Met commissioner demands better legal protection for armed police

Sir Mark Rowley has welcomed the review launched by Suella Braverman, the Home Secretary
Sir Mark Rowley has welcomed the review launched by Suella Braverman, the Home Secretary - James Manning/PA

The Met Commissioner has demanded an overhaul of the way police officers are treated by the justice system amid a growing row over the decision to charge a firearms specialist with murder.

Sir Mark Rowley called for better legal protection for officers who used force while on duty and said there must be more clarity about their right to defend themselves.

He also criticised the pace of the justice system, saying that even when officers followed their training and tactics they could still end up facing years of protracted legal proceedings.

His comments came in a letter to Suella Braverman, who on Sunday voiced her support for armed officers saying they must not fear “ending up in the dock”.

The Home Secretary said she had launched an official review days after an armed policeman was charged with murdering Chris Kaba, a 23-year-old black man, who was shot dead while driving through south London in November 2022.

Thrown into turmoil

The Met has been thrown into turmoil after hundreds of authorised firearms officers laid down their weapons in protest at the decision by the Crown Prosecution Service (CPS) to charge the officer.

In a letter from Sir Mark to Ms Braverman, he said: “Accountability matters, but we should not have allowed ourselves to develop a system where police officers get investigated for safely pursuing suspects, just because the suspect acts recklessly and as a result injures themselves or someone else.”

He added: “Armed officers know they need to justify their actions, especially when lethal force is used. They are extremely well-trained and an intrinsic part of their training reinforces that shots can only be fired if absolutely necessary to save life.”

Sir Mark said that he would like the review to consider changes to regulations or primary legislation, such as an amendment to ensure the application of the “subjective criminal law test for self-defence in police misconduct, not the objective civil test”.

It is thought this would mean officers might find it easier to claim they killed someone in self-defence if they were prosecuted having used force in the line of duty.

“One simple test will avoid delay, simplify the process and provide better protection for the public service,” he added.

Sir Mark said he also wanted the review to consider legal changes so that a criminal standard of proof for unlawful killing, known as “beyond reasonable doubt”, was introduced in inquests and inquiries, where the burden of proof is normally “on the balance of probabilities”.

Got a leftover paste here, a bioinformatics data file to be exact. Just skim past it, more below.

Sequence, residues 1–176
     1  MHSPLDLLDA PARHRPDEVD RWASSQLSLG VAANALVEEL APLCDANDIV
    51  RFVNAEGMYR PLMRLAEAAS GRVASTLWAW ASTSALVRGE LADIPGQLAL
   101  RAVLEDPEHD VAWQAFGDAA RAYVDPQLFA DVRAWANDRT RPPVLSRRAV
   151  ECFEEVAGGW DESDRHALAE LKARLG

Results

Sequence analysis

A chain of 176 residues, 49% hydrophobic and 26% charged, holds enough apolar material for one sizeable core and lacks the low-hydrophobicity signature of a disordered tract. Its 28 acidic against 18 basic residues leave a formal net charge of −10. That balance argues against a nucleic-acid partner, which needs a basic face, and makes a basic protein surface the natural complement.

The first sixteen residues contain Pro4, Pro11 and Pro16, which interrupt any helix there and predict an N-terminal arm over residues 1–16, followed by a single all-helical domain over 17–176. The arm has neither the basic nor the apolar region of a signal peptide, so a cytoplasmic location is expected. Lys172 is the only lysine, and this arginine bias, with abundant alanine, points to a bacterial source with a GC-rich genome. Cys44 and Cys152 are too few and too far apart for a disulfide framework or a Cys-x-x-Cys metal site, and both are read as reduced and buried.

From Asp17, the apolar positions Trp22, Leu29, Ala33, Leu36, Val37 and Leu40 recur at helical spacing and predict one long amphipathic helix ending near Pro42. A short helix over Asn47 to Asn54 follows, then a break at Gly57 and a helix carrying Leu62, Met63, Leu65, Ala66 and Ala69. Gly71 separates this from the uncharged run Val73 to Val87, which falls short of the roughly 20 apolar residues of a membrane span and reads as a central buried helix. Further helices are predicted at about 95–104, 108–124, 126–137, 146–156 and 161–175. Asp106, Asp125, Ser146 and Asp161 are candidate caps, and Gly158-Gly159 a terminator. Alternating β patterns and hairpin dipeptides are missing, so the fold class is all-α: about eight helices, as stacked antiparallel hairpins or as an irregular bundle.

“This will avoid the confusion caused when different conclusions are reached in criminal and coronial cases,” he added.

Chris Kaba
Chris Kaba

Sir Mark said that a review should consider “changes to the threshold at which the IOPC [Independent Office for Police Conduct] can launch criminal or misconduct investigations” adding that too often investigations were announced when only a “minimal interrogation of the facts” had taken place, which damaged public confidence.

“The IOPC should not be able to launch such investigations based only on a mere ‘indication’ of an offence or wrongdoing. It would be more sensible for the threshold to be a ‘reasonable suspicion’ as in most other cases of criminal law.”

He suggested officials should look into the “introduction of time limits for the IOPC and CPS in order to reduce the punitive impact on officers of lengthy investigatory and legal processes and ensure the public see rapid resolutions where wrongdoing has occurred”.

Sir Mark raised the case of two officers who fired shots at a serious criminal who was part of a dangerous gang responsible for armed robberies across London. After waiting for two years to be charged, and another year on bail, they were cleared when the CPS offered no evidence, accepting that there was no realistic prospect of conviction.

Speaking before Sir Mark’s letter, Mrs Braverman tweeted: “We depend on our brave firearms officers to protect us from the most dangerous and violent in society.

“In the interest of public safety they have to make split-second decisions under extraordinary pressures.

“They mustn’t fear ending up in the dock for carrying out their duties. Officers risking their lives to keep us safe have my full backing and I will do everything in my power to support them.”

Chief Constable Andy Marsh, CEO of the College of Policing, backed the review, saying: “Police officers undertake a job like no other and many will face risks every day that most people will never experience in their lifetime.”

He added: “It is vital we fully understand how the system that holds officers accountable for their actions can also acknowledge the significant additional risks they face.

“No officer should ever be above the law or have to face unnecessary burdens because of a lack of legal clarity.”

Former firearms officers have spoken out to say they support those who have walked out and would have joined them.

Speaking to BBC’s The World This Weekend, Harry Tangye, a former firearms officer, said: “I was on armed response for 23 years. I was on VIP protection with all the royalty and the government officials. Would I put my weapon down today? Yes I would hand it in. It’s not worth it.”

He added: “Every police officer, I can assure you, with a gun, hopes every day they put on that uniform and put the gun in their holster that it’s not them who has to shoot. Any police officer out there now, if they delay in shooting when they feel that someone’s life is at risk, be it their own, be it another officer or be it a civilian, they’re going to think twice and somebody is going to get badly hurt.”